Best and Worst States for Health

Joe Weinlick
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A report by the United Health Foundation, published in December 2014, showed that Hawaii is the best state for health, while Mississippi is the worst. Coming in behind Hawaii, the next healthiest states are Vermont, Massachusetts, Connecticut and Utah.

The United Health Foundation ranked states according to several criteria, including rates of smoking and obesity, numbers of deaths from cancer and cardiovascular disease, levels of physical activity, rates of diabetes and preventable hospitalizations, and the prevalence of infectious diseases. The report also took access to doctors and dentists into consideration. Several markers related to children's health were also factored into the calculation, including infant birth weights and the number of children living in poverty.

Some health markers are improving across the United States. For example, smoking rates have decreased across the nation compared to one year ago. Cardiovascular and cancer rates have also reduced. Life expectancy is 78.8 years, which is its highest value ever. Immunization coverage has also improved, and infant mortality has decreased in the past year.

However, there are significant differences between the healthiest states and the least healthy ones. The unhealthiest states are Mississippi, Arkansas, Louisiana, Kentucky and Oklahoma. These states suffer most severely from the biggest health problems affecting the nation, which include obesity and physical inactivity. According to study author Dr. Reed Tuckson, obesity has increased by 153 percent since the first United Health Foundation study in 1990.

Several states have improved their health statistics during 2014, rising up the rankings of the healthiest states. Maryland gained eight places to become the 16th healthiest state in the nation, while Texas and Virginia also showed improvements, each moving up five places in the overall rankings.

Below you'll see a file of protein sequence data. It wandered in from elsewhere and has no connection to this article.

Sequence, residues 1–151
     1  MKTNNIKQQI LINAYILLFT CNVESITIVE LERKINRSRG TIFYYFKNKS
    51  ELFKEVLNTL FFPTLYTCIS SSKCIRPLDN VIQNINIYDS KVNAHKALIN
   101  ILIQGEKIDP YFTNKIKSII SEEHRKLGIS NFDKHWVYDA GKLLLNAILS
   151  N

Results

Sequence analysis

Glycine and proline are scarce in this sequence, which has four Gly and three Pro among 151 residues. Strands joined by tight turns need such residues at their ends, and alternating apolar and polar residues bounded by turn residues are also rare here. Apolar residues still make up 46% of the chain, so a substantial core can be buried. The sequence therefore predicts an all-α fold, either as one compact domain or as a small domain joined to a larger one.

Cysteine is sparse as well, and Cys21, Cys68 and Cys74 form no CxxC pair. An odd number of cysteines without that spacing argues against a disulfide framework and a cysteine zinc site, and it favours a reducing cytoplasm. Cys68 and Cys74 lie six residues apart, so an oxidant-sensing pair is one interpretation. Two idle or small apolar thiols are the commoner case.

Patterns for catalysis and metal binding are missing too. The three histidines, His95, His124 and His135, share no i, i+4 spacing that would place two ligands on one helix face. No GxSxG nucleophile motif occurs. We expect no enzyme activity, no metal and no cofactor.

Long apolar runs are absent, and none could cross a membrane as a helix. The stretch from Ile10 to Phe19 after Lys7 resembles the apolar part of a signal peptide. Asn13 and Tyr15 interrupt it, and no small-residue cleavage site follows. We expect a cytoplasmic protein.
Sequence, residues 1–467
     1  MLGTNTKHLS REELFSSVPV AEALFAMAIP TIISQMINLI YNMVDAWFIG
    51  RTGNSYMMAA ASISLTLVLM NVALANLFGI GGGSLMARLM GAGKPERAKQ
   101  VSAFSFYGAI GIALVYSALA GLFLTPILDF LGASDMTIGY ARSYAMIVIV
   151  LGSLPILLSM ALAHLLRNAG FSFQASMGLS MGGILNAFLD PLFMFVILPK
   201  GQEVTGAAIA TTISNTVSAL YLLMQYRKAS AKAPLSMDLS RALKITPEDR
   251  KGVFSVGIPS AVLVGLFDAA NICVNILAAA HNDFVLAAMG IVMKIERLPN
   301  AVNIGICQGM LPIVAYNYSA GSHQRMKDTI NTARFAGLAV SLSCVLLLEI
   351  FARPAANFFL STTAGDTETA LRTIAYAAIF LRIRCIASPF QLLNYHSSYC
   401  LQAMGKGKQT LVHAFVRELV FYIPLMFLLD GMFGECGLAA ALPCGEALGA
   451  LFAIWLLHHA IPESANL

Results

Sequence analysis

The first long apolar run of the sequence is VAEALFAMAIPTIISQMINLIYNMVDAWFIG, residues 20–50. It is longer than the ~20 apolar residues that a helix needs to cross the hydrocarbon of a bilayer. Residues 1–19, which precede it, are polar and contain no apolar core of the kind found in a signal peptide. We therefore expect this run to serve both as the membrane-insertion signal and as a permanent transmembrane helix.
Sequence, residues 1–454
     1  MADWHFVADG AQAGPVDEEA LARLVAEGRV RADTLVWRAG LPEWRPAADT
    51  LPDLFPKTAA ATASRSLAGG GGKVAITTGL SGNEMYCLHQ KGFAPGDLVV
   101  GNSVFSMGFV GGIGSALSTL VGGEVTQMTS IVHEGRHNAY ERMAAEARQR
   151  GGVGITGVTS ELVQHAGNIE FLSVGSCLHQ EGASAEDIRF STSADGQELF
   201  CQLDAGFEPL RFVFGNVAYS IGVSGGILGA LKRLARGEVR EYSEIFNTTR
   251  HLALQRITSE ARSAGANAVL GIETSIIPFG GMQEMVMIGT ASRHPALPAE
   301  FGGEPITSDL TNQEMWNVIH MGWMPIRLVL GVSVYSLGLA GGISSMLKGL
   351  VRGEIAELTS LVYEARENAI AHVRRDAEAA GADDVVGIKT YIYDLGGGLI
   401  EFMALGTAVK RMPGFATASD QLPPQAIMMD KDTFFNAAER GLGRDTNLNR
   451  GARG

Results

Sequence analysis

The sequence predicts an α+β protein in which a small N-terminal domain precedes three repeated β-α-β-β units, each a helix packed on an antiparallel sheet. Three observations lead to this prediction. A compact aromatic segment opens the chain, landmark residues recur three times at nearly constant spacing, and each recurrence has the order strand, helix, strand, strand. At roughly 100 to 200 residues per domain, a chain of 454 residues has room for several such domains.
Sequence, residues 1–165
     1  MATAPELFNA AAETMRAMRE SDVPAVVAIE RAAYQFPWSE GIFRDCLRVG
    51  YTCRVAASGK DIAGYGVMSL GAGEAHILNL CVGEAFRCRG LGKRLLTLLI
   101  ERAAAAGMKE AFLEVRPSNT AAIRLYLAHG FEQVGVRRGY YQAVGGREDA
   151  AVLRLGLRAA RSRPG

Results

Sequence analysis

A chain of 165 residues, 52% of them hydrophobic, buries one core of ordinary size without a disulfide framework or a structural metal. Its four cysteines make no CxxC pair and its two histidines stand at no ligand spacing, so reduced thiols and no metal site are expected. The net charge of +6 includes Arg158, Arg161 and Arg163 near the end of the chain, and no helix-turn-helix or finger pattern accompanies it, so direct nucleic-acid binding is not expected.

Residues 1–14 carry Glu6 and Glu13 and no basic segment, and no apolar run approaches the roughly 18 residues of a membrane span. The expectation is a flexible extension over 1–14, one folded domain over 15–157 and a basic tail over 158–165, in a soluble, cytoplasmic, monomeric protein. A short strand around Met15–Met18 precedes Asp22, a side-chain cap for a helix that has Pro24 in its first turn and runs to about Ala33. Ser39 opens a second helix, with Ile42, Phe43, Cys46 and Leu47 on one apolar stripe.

However, health statistics for the United States as a whole are not encouraging. Although the United States spends more money each year on health than any other nation – a total of $3 trillion it only ranks 34th globally for life expectancy. Even the healthiest states struggle to keep up with some other developed countries. Infant mortality is a particular problem in the United States; with six infant deaths for every 1,000 live births, the U.S. ranks an unimpressive 42nd out of all countries.

In both the healthiest states and the unhealthiest ones, the medical sector needs to evolve to respond to the changing health needs of residents. Technology could help to improve health care in the future for the nation's aging population, which suffers from an unprecedented rate of chronic disease.

Although some health outcomes, such as life expectancy, are improving across the United States as a whole, there are still large differences between the healthiest states and the least healthy ones. Hawaii, which is the nation's healthiest state, is also the most expensive, while Mississippi is the cheapest and least healthy, suggesting that income is a big factor in U.S. health in 2014.


Photo courtesy of Stuart Miles at



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  • SUJYOTI  .

    Hard work, nothing else

  • Nancy Anderson
    Nancy Anderson

    @Orion - thanks for your comment. You know the old adage "You can lead a horse to water but you can't make him drink"? Well I believe that is the case here. I believe that proper education is available concerning nutrition, habits and all of the other preventative measures but that people choose whether or not to follow them. For example - smoking. Big warnings on the cigarette packages but people still smoke. It is up to each individual as to how they wish to lead their life all the while knowing the consequences.

  • Orion  W.
    Orion W.

    There needs to be more education available like this to the general population. Proper instruction concerning in the , habits, nutrition , rest . are very helpful for prevention of disease.

  • Bryan A.
    Bryan A.

    Our infant mortality is directly linked to maternal health during the pregnancy. Drug and alcohol abuse, smoking, and obesity/diabetes all play their role.

  • LEA B.
    LEA B.

    Good to know. Thanks for sharing!

  • Karis O.
    Karis O.

    My kids hads more childhood allergies and asthma attacks while living in TX than Toronto or Northern California; air quality seemed a factor😜

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